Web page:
New ZeRØ and No-FAT technologies at the hardware level will protect computer memory from hacking
Experts from the Columbia School of Engineering and Applied Sciences have developed two technologies that enhance the cybersecurity of computer systems at the hardware level.
The developments are presented at the International Symposium on Computer Architecture (ISCA).
As the experts explained, most of the vulnerabilities in computer programs are associated with incorrect work with memory. Programmers in the C and C ++ languages, for example, can make a mistake when working with pointers to memory addresses or forget to check the boundaries of data arrays for integrity.
The first technology, called ZeRØ, ensures the correctness of pointers to memory addresses, as well as the safety of the code and data areas of the software. ZeRØ employs rigid and predefined access rules that can be implemented at the hardware level. The new design allows programs to continue running, even if a memory vulnerability is successfully exploited.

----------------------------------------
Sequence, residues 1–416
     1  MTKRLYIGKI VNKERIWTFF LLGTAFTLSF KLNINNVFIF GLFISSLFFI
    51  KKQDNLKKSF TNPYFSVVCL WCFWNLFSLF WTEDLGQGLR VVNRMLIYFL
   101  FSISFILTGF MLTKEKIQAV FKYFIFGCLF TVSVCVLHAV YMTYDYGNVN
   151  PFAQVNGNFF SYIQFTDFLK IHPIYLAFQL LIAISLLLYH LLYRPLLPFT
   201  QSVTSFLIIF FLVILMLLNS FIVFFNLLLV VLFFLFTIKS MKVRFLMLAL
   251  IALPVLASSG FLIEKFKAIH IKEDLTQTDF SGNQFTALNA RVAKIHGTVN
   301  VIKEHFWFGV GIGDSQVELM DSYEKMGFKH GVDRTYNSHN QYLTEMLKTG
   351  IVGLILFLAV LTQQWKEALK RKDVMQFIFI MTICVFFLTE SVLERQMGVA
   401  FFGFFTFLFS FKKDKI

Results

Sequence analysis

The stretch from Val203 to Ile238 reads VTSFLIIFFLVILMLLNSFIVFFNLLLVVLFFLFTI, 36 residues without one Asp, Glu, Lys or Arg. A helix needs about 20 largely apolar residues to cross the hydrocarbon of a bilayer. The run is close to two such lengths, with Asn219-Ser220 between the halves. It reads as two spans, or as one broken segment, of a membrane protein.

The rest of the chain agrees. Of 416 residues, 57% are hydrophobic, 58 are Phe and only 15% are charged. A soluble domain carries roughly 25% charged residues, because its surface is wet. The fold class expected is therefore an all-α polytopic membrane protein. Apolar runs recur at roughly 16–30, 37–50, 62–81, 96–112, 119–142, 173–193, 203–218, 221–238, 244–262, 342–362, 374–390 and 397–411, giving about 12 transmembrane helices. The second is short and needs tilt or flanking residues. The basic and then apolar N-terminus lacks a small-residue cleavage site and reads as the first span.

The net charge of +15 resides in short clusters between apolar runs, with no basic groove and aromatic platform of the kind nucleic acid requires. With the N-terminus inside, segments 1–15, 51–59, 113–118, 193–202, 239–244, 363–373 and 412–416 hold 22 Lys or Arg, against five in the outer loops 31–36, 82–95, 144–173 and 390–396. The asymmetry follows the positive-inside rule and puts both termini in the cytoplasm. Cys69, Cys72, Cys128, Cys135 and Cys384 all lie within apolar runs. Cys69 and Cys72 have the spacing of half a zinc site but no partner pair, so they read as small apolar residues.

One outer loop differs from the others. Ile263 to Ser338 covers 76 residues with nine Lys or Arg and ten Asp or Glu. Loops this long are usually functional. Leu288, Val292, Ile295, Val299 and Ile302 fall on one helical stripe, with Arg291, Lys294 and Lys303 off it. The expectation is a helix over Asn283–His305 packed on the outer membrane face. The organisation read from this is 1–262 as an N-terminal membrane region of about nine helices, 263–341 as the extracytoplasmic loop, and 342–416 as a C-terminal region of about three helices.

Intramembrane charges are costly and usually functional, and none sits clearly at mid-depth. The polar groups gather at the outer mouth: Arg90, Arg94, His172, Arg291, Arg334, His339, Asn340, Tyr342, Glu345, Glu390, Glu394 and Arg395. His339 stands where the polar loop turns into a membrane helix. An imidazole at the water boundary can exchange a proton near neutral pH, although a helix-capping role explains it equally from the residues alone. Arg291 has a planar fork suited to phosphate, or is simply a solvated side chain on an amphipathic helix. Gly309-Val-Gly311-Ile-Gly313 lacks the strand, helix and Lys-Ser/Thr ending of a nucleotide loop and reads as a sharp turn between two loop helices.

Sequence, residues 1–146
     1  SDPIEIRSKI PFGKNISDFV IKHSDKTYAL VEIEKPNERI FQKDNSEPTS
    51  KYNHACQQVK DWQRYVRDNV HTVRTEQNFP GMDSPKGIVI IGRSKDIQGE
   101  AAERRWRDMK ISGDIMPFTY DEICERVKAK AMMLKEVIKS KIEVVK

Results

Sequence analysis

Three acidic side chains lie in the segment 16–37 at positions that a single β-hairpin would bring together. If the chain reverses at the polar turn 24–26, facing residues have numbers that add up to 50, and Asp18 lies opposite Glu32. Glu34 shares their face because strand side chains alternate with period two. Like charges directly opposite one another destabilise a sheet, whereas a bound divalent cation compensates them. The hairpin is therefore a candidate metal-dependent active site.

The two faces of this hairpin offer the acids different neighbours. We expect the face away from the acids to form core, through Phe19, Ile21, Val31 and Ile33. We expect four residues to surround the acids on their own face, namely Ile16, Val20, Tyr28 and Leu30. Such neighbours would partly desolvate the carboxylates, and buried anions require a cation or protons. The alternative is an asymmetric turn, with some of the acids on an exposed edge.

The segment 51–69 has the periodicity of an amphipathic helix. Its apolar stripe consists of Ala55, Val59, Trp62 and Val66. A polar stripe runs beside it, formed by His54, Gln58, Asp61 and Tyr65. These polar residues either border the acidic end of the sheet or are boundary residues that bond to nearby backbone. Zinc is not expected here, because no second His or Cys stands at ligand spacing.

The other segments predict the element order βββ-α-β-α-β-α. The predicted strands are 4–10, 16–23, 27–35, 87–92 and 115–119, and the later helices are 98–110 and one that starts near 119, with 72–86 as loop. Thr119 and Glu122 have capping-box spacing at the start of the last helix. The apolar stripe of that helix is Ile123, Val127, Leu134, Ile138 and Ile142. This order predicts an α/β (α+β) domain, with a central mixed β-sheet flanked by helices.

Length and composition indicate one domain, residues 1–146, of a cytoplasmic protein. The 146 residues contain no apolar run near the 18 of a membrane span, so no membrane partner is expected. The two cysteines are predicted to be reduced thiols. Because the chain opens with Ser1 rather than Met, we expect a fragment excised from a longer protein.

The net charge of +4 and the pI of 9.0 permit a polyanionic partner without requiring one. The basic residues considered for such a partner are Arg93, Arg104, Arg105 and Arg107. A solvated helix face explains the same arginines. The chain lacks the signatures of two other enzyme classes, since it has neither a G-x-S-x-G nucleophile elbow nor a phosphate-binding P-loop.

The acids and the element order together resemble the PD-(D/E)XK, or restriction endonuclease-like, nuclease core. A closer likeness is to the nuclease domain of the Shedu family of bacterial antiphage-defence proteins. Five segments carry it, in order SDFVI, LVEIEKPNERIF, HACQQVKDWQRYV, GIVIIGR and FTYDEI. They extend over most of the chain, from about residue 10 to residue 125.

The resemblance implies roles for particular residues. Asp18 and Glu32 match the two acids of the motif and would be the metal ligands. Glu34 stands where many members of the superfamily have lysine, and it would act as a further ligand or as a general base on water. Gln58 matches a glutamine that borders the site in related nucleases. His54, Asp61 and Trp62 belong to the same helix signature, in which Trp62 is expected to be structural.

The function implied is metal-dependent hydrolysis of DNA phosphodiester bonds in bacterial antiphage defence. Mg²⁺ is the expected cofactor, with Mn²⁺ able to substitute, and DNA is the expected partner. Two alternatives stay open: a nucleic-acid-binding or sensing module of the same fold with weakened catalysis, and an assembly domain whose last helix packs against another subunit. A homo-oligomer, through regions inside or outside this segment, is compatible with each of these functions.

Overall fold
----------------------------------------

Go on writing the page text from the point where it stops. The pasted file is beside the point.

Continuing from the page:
ZeRØ almost does not reduce software performance and does not require additional power consumption.
The second technology, called No-FAT , quickly checks and fixes the boundaries of allocated memory areas, preventing software disruptions. No-FAT splits memory into segments of different sizes and monitors their integrity. Experiments have shown that No-FAT reduces program performance by only 8%, showing the best performance among similar technologies.
Neither No-FAT nor ZeRØ requires any changes to the installed programs and can be easily implemented in hardware.
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